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Tuesday 2 September 2014

Ronaldo and Iniesta are greats, but Messi is touched by genius

Paul Hayward

Published 08/01/2013 | 07:57

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Lionel Messi of Argentina watches the trophy during a news conference before the FIFA Ballon d'Or 2012 soccer awards ceremony
FIFA Men's World Player of the Year 2012 nominees Cristiano Ronaldo of Portugal, Andres Iniesta of Spain and Lionel Messi of Argentina address a news conference before the FIFA Ballon d'Or 2012 Gala
Lionel Messi of Argentina, FIFA World Player of the Year 2012 holds his FIFA Ballon d'Or trophy during the FIFA Ballon d'Or 2012 soccer awards ceremony. Photo: Reuters

Lionel Messi is monopolising the World Player of the Year title the way his feet dominate the ball.

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The little maestro's magnetism has kept the prize in his possession for a fourth consecutive year. Cristiano Ronaldo is an all-time great stuck in a back-up role.

The true measure of Messi's brilliance is that there is a twitch of anticipation every time the ball rolls to his toes. You can feel this universal excitement in stadiums, bars and living rooms. It is the promise of sorcery -- of the unexpected -- and it comes dozens of times in his every game. Those who voted for him again for the 2012 award are obeying this sense of wonder, despite the strong claims of his rivals in a gilded age.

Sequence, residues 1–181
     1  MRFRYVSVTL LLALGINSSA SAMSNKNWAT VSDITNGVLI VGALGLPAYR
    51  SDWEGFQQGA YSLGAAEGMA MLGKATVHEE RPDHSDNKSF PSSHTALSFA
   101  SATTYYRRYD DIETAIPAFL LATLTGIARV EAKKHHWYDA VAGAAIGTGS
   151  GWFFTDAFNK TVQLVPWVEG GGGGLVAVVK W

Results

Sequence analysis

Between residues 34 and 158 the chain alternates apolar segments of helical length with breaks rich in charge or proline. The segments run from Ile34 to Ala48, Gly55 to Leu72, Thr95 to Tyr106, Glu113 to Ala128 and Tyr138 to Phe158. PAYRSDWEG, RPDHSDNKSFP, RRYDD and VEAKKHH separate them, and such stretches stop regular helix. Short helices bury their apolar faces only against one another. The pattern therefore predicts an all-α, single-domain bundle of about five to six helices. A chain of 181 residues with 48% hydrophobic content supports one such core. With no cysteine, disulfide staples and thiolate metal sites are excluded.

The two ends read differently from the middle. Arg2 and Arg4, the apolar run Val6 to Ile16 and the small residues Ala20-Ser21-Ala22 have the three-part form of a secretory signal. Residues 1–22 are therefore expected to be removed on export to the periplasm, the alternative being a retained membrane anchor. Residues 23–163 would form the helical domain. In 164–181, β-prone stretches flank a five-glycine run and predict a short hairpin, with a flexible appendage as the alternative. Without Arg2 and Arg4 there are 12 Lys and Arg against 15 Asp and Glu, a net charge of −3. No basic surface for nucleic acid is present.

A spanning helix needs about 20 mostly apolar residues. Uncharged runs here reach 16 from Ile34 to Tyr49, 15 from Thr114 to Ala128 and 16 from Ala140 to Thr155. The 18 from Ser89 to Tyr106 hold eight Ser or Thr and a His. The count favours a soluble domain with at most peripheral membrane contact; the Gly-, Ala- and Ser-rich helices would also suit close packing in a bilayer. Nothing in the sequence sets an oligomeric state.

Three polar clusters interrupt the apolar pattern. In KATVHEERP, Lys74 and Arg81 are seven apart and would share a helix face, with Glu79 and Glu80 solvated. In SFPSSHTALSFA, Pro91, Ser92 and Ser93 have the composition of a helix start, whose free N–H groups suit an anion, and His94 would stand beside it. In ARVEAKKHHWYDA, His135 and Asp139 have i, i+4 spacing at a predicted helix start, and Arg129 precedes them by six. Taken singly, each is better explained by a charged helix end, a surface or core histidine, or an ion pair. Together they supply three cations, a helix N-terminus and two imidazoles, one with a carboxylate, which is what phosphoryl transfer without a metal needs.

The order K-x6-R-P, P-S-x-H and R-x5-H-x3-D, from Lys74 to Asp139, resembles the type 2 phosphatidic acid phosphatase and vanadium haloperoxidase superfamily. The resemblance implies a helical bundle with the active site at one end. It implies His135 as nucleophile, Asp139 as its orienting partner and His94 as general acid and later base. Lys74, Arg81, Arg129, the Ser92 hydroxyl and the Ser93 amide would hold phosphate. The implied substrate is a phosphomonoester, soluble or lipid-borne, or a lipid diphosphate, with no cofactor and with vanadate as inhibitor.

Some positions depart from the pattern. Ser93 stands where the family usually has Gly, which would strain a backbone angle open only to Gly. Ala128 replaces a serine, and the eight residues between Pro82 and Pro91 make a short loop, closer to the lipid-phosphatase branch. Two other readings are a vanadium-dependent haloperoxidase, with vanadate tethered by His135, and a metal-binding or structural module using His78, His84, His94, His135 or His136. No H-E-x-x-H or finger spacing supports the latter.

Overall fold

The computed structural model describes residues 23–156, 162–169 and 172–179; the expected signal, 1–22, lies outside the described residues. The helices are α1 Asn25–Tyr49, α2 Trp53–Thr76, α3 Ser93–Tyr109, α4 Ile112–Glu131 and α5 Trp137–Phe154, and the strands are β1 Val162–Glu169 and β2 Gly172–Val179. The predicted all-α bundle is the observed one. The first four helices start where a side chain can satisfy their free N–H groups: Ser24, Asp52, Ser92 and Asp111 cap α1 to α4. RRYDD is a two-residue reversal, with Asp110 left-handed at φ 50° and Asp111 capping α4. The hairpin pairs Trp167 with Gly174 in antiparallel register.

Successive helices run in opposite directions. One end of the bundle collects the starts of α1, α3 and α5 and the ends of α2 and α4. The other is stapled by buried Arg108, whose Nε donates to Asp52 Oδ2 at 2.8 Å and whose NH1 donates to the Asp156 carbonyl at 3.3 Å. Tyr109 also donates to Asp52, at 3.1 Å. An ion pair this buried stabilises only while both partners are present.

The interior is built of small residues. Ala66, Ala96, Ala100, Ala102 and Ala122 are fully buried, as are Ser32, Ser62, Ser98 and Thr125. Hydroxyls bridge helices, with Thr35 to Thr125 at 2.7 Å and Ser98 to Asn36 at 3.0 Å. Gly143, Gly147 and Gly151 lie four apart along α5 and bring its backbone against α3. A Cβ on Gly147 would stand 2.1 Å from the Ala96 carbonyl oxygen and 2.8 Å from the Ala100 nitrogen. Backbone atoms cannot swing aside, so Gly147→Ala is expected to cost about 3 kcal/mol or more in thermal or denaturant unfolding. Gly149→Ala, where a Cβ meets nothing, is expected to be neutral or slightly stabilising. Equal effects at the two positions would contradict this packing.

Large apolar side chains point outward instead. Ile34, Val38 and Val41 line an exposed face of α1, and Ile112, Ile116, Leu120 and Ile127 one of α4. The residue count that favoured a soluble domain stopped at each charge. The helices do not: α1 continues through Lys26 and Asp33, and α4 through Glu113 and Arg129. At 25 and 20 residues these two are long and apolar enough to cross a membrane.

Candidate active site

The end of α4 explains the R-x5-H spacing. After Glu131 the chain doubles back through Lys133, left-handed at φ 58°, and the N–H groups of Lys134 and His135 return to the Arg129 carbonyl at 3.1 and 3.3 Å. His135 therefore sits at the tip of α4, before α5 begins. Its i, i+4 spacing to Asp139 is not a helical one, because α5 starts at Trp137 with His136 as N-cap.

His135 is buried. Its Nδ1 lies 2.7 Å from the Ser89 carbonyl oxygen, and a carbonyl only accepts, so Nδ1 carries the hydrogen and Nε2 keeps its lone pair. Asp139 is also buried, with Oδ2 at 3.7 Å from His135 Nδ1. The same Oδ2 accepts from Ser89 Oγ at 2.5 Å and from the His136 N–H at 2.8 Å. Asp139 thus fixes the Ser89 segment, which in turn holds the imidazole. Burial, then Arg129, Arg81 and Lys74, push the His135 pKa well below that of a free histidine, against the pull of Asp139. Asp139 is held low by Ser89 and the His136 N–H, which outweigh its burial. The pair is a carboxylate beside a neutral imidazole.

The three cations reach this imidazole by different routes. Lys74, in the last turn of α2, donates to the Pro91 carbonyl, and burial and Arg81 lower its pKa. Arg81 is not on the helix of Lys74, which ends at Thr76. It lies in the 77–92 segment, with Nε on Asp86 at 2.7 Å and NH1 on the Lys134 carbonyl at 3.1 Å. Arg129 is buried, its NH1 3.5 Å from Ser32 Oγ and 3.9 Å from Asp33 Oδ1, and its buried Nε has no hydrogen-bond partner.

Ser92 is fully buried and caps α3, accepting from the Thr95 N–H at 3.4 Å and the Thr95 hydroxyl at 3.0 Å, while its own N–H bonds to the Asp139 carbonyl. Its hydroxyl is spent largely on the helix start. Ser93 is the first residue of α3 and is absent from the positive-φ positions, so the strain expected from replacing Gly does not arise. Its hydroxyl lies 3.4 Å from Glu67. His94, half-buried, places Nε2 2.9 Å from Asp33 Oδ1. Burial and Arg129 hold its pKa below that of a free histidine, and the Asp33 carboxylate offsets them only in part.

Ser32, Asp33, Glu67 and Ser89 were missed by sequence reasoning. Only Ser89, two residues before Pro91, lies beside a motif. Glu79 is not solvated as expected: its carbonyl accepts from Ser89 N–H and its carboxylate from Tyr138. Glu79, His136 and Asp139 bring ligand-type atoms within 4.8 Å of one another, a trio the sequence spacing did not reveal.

In any era, Ronaldo or Andres Iniesta would have been a deserved winner of the Fifa Ballon d'Or in Zurich, which Messi also claimed in 2009, 2010 and 2011. Ronaldo, the 2008 nonpareil, was the inspiration behind Real Madrid's La Liga title last year and is the game's best counter-attacker: a mighty, hole-blasting striker who often carries his club's traditions into battle all by himself.

Illustrious

Iniesta's CV could hardly be more illustrious. Messi's Barcelona colleague has won two European Championships and a World Cup with Spain and was voted the most valuable player at Euro 2012. He was also officially the star of the 2011-12 Champions League.

Chelsea's Fernando Torres has said of him: "When he has the ball, it's like everything else stops -- like the camera is going in slow motion. I've been playing with him since we were 15 and I have never, ever seen him play badly."

A gifted, modest thinker about the game, Iniesta was runner-up to Messi in 2010 and, like Xavi Hernandez, stands in the shadow of his Barcelona comrade. If all this seems cruel, or repetitious (give someone else a go, they cry), there are solid reasons for leaving the trophy in Messi's cabinet.

Xavi is the world's best metronomic passer. There are other good ones but Xavi is the best. Iniesta is the best roving midfielder. Starting on the left, he floats and drifts with lethal cunning. At gliding pace he lacerates defences and sets up colleagues. Ronaldo, whose talent is more spectacular, more obviously ingenious, is also No 1 in his class of elusive sprinters.

But Messi has no category in which to be better than all the rest. He is his own genre. No rival can match his array of skills or claim to be a lesser version of him. This is what elevates him to the level of genius.